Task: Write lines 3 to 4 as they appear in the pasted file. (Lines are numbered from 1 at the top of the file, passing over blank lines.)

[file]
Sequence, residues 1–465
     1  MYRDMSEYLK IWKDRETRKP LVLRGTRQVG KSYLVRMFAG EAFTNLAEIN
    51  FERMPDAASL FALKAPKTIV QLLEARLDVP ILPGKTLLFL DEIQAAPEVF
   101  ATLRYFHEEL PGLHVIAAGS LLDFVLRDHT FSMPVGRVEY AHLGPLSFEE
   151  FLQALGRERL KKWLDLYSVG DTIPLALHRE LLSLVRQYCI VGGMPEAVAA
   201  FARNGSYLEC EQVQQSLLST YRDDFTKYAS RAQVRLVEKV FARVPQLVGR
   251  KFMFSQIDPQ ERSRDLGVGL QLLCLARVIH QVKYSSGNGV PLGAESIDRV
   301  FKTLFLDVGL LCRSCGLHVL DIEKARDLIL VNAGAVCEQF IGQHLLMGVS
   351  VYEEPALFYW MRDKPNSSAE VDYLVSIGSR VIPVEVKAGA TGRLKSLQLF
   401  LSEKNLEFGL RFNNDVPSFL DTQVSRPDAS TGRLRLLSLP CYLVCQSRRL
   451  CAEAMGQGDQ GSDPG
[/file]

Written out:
    51  FERMPDAASL FALKAPKTIV QLLEARLDVP ILPGKTLLFL DEIQAAPEVF
   101  ATLRYFHEEL PGLHVIAAGS LLDFVLRDHT FSMPVGRVEY AHLGPLSFEE